The ability of UNIX and Linux to expand wildcard characters (e.g. * and ?) automatically on the command line is limited.
- It is subject to the shell's limit for expansion. For example, if you use * to specify all the files in a large directory, the shell might be unable to expand the wildcard.
- The shell only expands wildcards where it is able to match them to particular files or directories. For example, if you use a filename containing a wildcard, you must specify the path as well.
In Sophos Anti-Virus for UNIX/Linux, you can use the command line option
--expand-wildcards to instruct Sophos Anti-Virus to expand wildcards, rather than to use the shell's built-in expansion. NOTE: This option is applicable to on-demand scans executed with sweep (SAV4) or savscan (SAV7/9).
The wildcard '*' will exclude a variable number of characters. The wildcard '?' will exclude only one character.
What to do
Using the --expand-wildcards option
To use the command line option
--expand-wildcards to make Sophos Anti-Virus expand wildcards itself, you must enclose anything containing wildcard characters in double quotation marks. Otherwise, the shell will process them first, and then expand them.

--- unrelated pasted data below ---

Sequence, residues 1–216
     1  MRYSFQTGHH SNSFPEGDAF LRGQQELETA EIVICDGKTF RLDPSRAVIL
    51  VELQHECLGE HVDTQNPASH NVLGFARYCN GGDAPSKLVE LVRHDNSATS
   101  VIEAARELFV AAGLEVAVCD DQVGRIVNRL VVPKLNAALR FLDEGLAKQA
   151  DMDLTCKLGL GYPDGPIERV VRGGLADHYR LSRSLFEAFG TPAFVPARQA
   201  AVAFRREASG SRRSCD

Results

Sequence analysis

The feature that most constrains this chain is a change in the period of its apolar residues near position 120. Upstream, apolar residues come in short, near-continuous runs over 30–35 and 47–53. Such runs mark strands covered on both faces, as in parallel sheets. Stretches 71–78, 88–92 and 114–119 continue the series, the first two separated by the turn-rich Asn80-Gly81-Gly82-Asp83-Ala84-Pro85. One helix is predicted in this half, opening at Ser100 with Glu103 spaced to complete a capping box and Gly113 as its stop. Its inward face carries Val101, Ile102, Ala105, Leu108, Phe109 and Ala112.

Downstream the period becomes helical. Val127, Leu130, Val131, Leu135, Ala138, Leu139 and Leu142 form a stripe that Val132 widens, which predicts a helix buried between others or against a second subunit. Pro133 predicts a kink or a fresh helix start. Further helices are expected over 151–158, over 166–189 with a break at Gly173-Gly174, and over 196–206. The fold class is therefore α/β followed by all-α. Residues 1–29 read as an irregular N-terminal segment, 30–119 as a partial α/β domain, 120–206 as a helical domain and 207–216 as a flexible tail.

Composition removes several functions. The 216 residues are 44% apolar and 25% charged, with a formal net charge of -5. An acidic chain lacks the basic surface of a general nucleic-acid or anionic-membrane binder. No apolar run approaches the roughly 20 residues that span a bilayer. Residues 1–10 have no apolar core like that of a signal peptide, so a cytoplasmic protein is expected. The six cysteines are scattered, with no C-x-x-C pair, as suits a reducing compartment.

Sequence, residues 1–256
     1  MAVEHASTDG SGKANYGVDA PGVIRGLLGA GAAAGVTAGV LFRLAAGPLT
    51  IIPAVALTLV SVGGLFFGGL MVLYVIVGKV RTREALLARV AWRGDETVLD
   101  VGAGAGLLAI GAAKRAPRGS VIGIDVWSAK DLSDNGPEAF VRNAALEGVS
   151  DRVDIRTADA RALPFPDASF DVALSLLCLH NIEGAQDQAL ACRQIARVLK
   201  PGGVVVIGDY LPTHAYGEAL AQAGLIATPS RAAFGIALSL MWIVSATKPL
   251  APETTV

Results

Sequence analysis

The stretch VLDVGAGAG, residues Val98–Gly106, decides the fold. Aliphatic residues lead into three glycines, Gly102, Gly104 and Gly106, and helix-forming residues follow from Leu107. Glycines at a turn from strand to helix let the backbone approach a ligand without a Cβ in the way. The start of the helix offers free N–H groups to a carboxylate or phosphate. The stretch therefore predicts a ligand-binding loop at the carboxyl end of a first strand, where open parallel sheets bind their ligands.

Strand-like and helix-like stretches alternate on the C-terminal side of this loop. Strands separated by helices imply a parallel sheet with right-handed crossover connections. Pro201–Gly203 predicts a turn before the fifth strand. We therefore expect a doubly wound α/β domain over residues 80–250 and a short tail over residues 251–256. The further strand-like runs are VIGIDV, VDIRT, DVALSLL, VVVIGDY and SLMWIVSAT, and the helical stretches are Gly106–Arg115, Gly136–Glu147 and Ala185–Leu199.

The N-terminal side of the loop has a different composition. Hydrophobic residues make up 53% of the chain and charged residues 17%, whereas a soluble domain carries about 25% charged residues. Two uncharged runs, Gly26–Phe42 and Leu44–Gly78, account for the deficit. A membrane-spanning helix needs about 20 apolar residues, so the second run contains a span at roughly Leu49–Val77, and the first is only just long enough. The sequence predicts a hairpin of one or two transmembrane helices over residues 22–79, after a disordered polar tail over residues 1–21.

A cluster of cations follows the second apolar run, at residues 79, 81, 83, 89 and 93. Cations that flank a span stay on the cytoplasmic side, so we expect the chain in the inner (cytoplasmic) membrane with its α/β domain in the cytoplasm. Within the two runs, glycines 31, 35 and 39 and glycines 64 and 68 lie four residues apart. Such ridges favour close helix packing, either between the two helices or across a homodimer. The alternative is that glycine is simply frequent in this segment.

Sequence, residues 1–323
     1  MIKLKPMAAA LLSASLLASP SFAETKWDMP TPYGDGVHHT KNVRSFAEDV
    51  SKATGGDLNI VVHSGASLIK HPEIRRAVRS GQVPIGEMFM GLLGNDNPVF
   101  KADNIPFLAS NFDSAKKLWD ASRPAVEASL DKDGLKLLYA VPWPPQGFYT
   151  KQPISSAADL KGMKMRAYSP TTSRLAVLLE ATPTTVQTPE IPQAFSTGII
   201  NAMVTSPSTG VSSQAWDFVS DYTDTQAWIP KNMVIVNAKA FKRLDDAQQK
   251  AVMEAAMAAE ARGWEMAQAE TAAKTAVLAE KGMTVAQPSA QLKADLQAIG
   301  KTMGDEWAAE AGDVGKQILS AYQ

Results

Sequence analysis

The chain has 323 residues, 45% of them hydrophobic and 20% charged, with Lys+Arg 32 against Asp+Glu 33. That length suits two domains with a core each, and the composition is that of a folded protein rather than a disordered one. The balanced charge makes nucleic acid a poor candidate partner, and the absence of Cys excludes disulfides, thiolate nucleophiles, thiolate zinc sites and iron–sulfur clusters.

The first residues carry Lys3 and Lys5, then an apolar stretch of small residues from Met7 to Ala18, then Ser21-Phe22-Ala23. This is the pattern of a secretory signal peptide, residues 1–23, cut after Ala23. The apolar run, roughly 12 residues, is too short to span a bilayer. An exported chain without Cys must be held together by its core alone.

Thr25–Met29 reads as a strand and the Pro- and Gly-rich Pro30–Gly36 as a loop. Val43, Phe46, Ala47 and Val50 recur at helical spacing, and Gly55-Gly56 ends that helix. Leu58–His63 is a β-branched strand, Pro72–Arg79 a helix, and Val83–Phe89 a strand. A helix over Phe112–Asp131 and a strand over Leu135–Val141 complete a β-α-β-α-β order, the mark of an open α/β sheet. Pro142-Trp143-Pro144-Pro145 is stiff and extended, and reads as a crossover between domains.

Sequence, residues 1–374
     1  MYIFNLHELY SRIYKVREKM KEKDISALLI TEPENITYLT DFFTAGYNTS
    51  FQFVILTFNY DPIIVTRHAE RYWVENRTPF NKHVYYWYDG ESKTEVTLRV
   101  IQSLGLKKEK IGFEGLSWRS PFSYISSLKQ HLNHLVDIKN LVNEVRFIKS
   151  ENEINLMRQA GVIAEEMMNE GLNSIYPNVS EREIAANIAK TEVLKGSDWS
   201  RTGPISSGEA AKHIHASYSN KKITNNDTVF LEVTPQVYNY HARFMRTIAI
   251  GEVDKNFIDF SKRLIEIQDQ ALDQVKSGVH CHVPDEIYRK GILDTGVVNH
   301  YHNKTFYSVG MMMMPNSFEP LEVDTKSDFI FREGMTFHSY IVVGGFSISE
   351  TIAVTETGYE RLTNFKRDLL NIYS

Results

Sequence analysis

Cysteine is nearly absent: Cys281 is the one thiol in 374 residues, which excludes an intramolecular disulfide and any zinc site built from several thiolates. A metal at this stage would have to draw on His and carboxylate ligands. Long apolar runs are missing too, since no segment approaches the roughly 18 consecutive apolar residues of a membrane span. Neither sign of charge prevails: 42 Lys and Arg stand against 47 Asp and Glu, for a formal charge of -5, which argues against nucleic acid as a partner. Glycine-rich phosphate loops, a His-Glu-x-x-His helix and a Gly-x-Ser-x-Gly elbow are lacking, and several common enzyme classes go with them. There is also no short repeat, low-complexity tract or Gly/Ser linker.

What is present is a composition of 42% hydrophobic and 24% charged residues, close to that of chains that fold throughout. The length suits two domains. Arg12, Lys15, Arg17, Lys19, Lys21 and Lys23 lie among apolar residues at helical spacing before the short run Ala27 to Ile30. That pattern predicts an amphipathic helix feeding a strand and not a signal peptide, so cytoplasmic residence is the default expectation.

The option --expand-wildcards only applies to the filename part of a path. For example
sweep --expand-wildcards "/usr/fred/f*"
scans all files called f* in the directory /usr/fred (for example: f, f1, ftwo are scanned; e1 and /usr/fred/freda/frodo are not).
Wildcard handling using the shell is limited to patterns that match a path and filename. For example
sweep /usr -exclude /usr/fred/tomm*
scans all files in the directory /usr and its subdirectories except, for instance, /usr/fred/tommi, /usr/fred/tommy and /user/fred/tommi/harry.
Using --expand-wildcards enables more powerful wildcard handling. Extra features include truncation at the beginning of a word. For example
sweep /usr --expand-wildcards -exclude "*tom"
scans the directory /usr and its subdirectories, but excludes all files or directories whose names contain any number of characters and end in 'tom' (e.g. /usr/tom, /usr/local/fred/tom and /usr/local/fred/tom.tom are excluded; but /usr/local/fred/tom.txt is not).
sweep /usr --expand-wildcards -exclude "?tom"
scans the directory /usr excluding all files or directories whose names contain any single character followed by, and ending with, 'tom' (e.g. /usr/local/atom and /usr/local/fred/ktom are excluded; but /usr/tom and /usr/tomtom are not).
You can use more than one wildcard at a time. For example
sweep /usr --expand-wildcards -exclude "*fr?d*"
scans the directory /usr and excludes all files or directories whose names contain the letters 'fr', followed by any single character, followed by 'd' (for example, /usr/local/fred, /usr/local/afreddy, /usr/local/frodo are excluded; /usr/local/frica is not).
Speed considerations for wildcard handling
Although excluding certain files from scanning can save time, some time is spent matching the wildcards to names of files, directories or filesystems. Take this into consideration when planning your scan.